Featured Artist/Traveler - Corina Gertz
There seems to be no moss growing under the feet of Corina Gertz, a globe trotting photographer/filmmaker/artist based in Dusseldorf, Germany! One look at her CV reveals her extensive worldly travels, and her stunning photographic images have been exhibited widely in Germany and throughout Europe, as well as China, India, Uzbekistan and Singapore.
In addition to her gorgeous photographs, she has also directed and produced several documentary films that have premiered at the Dusseldorf Film Museum.
She has lived in Florence, Italy, Capetown, South Africa and Hong Kong (while creating collections for international clothing companies), and has taught at Universities in Beijing, Kunming Art Academy and University of Art in Wuhan, China.
The artist residencies she has attended have been in India, Russia, Ireland, Thailand, China and Spain. Intrigued yet?!
Hello Corina, thank you for taking the time to share your story with us!
I’ve been following you and your work since I first heard about you at the artist residency Sanskriti Kendra in New Delhi, India. I had arrived a few months after you left and your name was mentioned by the host because we both are clothing designers as well as artists.
Thanks, Amy. Sanskriti Kendra was my very first residency I attended. I am still in contact with artists who stayed there at the same time, and we visit each other occasionally. The host later told me about you too, which made me follow your reviews about residencies. By doing so, I learned about Cill Rialaig (in Ireland), and I applied because of your recommendation and photographs of this magical place.
I’m so glad you were inspired to go there!
Let’s talk a bit about your background. I understand you are from Dusseldorf, Germany, and are currently based there. When did you develop a love of travel and why?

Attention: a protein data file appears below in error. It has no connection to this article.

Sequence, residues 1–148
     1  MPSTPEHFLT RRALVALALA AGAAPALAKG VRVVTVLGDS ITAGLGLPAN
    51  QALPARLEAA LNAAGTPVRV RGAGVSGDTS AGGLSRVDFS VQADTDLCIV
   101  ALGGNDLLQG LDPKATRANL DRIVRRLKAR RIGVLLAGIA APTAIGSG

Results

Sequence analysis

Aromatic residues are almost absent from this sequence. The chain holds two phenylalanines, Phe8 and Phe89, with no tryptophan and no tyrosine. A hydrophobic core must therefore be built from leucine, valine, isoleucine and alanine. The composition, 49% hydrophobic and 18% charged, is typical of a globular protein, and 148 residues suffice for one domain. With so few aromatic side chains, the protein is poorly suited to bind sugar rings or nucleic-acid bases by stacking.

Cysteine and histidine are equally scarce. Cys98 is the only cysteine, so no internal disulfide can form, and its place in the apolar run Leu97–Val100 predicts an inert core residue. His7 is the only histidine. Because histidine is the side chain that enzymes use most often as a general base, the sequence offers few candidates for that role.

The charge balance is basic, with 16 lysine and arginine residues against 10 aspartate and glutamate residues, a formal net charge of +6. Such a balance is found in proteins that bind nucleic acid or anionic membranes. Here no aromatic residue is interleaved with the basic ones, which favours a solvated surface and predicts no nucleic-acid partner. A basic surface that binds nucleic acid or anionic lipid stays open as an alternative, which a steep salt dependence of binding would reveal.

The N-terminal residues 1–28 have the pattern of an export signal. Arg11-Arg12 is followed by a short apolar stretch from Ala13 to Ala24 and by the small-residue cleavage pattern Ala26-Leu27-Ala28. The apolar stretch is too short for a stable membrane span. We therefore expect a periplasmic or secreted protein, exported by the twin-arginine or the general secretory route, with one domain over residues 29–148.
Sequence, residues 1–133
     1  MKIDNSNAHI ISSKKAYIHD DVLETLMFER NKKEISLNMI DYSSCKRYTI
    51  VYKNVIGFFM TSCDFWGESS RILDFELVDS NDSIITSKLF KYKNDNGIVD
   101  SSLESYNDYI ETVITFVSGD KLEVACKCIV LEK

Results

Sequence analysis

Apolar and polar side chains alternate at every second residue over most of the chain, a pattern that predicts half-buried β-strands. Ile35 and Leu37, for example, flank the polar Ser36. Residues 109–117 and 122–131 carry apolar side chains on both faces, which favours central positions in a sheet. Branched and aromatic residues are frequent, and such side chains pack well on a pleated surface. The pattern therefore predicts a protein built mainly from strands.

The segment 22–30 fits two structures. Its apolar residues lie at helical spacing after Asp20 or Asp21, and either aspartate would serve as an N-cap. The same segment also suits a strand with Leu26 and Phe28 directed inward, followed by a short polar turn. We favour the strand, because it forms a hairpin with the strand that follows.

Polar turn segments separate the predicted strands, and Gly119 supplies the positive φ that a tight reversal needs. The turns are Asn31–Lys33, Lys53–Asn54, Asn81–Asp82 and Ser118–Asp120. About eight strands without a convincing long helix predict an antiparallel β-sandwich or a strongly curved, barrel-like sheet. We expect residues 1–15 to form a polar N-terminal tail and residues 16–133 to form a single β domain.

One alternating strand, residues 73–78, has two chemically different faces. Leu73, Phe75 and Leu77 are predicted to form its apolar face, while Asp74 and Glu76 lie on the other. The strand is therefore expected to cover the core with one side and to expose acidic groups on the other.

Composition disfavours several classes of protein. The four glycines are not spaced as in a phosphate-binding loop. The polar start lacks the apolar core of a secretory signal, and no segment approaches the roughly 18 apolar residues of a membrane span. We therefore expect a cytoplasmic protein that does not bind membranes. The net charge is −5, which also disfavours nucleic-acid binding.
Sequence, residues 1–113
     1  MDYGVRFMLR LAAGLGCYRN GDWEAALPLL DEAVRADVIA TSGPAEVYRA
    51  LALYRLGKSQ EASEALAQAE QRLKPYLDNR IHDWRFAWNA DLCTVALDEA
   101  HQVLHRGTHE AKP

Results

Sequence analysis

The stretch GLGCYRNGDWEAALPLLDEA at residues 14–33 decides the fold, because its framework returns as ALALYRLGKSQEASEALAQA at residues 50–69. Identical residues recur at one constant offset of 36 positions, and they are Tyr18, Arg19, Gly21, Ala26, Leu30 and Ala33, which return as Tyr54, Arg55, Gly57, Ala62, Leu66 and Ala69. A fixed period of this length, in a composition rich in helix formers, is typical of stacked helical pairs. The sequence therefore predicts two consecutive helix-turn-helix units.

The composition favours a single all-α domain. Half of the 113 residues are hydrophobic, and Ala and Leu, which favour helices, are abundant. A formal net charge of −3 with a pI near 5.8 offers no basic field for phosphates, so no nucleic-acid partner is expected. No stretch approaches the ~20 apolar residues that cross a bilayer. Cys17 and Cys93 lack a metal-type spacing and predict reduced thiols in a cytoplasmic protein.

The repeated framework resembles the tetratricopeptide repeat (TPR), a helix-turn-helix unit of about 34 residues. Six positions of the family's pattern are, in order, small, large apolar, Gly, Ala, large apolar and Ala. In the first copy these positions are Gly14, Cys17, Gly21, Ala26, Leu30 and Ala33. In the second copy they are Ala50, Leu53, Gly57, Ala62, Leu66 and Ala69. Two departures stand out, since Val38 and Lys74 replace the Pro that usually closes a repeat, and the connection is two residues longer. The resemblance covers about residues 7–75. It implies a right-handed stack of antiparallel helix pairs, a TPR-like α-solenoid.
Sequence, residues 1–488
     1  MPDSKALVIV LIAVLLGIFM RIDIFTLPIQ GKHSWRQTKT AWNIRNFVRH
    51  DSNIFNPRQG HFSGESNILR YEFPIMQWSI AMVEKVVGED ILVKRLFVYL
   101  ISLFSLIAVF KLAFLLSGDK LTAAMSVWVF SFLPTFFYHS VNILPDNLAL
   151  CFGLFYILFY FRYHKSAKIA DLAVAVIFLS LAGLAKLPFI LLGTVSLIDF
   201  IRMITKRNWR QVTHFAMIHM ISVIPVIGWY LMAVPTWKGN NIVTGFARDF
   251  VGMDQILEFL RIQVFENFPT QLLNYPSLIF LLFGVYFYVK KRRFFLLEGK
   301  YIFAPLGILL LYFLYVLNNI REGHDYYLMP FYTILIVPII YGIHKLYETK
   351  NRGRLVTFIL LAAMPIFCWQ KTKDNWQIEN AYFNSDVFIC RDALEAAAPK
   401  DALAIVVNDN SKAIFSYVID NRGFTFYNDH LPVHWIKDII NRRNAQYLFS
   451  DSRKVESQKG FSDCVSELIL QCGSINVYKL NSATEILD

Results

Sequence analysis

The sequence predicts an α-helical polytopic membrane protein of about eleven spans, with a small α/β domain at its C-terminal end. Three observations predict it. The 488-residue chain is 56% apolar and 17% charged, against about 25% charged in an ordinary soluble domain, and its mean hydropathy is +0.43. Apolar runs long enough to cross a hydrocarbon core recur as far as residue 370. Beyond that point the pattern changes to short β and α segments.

I was born and raised in Wuppertal which is about 40 km away from Düsseldorf. In the 18th and 19th centuries, the Wupper valley was one of the largest industrial regions of continental Europe. It was the major industrial centre for textiles. My father and grandfather have been in the textile business. My father's dream was that I would take over his company. I have always refused this, because I couldn't imagine myself staying at the same spot for the rest of my life.
Did you get a degree in art, design, photography? Has that helped your career?
I learned from the bottom up: first I learned couture tailoring before I studied pattern making and fashion design. During my studies I jobbed as a model, as a stylist for commercials, and as a photo assistant. This all was a solid base and connected various fields which are related to each other. That brought me to Florence where I designed for Roberto Cavalli after I had finished my degrees. Also later, when I was working in the clothing production companies in China and Taiwan, my knowledge of pattern-making and tailoring was a benefit.
Do you still design clothing? And do you do other things that support your art/photography career?
I do not work as a fashion designer anymore. But I give lectures and I write fashion-philosophical essays. My focus has shifted into art and photography, which gives me a greater freedom. Here I work mainly on my portrait series of traditional costumes. Furthermore I work on several curatorial projects. E. g. I was assistant to the curator for the vast exhibition Bauhaus and Photography – New Vision in Contemporary Art which is currently on show at NRW-Forum Düsseldorf and will later on travel to Berlin and Darmstadt. Here I was also responsible for the catalogue.